Photo: Aaron Ontiveroz/MediaNews Group/The Denver Post via Getty Images

Hundreds of workers at meat plants across the United States have reported they contracted the coronavirus this past week, Bloomberg reports.

Why it matters: Concerns over worker safety continue to rise across the country, but the uptick in confirmed cases also raises questions about the fragility of the food supply chain.

By the numbers: Up to 50 people at a JBS SA beef facility in Colorado tested positive, on top of another 160 cases at a Cargill Inc. meatpacking plant in Pennsylvania, union officials announced Friday, per Bloomberg.

  • South Dakota Gov. Kristi Noem confirmed Friday there are more than 190 cases at Smithfield Foods Inc, AP reports.

The big picture: Millions of Americans don't have the luxury of working from home, and essential food workers keep working so consumers can keep eating.

  • Social distancing can be difficult for workers who stand close together on processing lines, and those who share locker and break rooms.

Go deeper: The coronavirus pandemic threatens low-wage jobs

Go deeper

Louisville officer: "Breonna Taylor would be alive" if we had served no-knock warrant

Breonna Taylor memorial in Louisville. Photo: Brandon Bell/Getty Images

Sgt. Jonathan Mattingly, the Louisville officer who led the botched police raid that caused the death of Breonna Taylor, said the No. 1 thing he wishes he had done differently is either served a "no-knock" warrant or given five to 10 seconds before entering the apartment: "Breonna Taylor would be alive, 100 percent."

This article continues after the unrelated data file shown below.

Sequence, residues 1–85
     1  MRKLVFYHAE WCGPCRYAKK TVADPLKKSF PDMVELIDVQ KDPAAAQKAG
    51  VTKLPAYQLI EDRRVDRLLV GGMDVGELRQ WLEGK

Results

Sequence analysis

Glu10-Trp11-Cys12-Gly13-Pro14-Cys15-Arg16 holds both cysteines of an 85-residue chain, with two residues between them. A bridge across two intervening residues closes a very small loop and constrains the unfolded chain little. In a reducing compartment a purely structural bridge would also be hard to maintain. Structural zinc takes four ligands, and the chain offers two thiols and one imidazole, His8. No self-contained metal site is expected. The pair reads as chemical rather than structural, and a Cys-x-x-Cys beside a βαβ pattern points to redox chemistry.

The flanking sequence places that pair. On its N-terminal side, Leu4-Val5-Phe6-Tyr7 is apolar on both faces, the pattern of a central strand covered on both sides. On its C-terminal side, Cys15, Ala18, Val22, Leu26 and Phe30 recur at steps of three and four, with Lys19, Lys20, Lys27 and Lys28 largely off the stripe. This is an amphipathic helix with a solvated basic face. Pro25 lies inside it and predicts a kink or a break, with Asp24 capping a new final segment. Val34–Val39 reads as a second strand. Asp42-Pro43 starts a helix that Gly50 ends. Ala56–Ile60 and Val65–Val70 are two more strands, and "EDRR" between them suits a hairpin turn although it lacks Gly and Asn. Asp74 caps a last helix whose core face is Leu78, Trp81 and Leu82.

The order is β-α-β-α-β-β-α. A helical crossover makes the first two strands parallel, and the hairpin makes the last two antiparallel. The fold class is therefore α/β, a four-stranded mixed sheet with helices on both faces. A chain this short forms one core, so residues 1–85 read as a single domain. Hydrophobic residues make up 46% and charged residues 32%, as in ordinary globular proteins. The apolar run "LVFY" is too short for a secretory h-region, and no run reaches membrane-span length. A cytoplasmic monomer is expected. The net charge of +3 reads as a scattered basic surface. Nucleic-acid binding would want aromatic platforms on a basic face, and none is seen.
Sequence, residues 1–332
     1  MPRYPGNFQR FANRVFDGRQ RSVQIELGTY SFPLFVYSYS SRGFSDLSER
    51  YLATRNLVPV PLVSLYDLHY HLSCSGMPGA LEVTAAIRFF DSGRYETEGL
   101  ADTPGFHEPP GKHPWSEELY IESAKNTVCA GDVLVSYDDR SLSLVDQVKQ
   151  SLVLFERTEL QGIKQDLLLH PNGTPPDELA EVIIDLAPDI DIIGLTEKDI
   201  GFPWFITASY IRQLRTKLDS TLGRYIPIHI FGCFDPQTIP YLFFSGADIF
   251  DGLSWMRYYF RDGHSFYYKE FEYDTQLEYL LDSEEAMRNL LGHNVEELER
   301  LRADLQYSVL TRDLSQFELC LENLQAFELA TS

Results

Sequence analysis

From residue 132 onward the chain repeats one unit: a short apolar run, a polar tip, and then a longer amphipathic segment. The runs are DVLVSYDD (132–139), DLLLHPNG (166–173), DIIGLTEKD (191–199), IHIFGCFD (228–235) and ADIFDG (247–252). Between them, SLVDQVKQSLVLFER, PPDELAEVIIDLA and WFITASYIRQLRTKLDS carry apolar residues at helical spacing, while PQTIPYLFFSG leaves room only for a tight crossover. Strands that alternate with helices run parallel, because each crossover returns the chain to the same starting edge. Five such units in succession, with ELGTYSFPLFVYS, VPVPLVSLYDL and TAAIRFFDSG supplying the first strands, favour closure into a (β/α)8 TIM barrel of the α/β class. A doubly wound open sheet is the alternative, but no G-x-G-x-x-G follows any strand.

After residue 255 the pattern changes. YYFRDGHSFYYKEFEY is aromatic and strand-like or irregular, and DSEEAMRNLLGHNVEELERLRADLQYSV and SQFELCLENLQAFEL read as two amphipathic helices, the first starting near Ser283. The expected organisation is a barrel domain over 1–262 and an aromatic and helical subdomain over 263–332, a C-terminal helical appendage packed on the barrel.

Driving the news: Mattingly, who spoke to ABC News and Louisville's Courier Journal for his public interview, was shot in the leg in the initial moments of the March 13 raid. Mattingly did not face any charges after Kentucky Attorney General Daniel Cameron said he and another officer were "justified" in returning fire to protect themselves against Taylor's boyfriend.

U.S. vs. Google — the siege begins

Illustration: Sarah Grillo/Axios

The Justice Department fired the starter pistol on what's likely to be a years-long legal siege of Big Tech by the U.S. government when it filed a major antitrust suit Tuesday against Google.

The big picture: Once a generation, it seems, federal regulators decide to take on a dominant tech company. Two decades ago, Microsoft was the target; two decades before that, IBM.

Dion Rabouin, author of Markets
2 hours ago - Economy & Business

Why the stimulus delay isn't a crisis (yet)

Illustration: Aïda Amer/Axios

If the impasse between House Speaker Nancy Pelosi and the White House on a new stimulus deal is supposed to be a crisis, you wouldn't know it from the stock market, where prices continue to rise.

  • That's been in no small part because U.S. economic data has held up remarkably well in recent months thanks to the $2 trillion CARES Act and Americans' unusual ability to save during the crisis.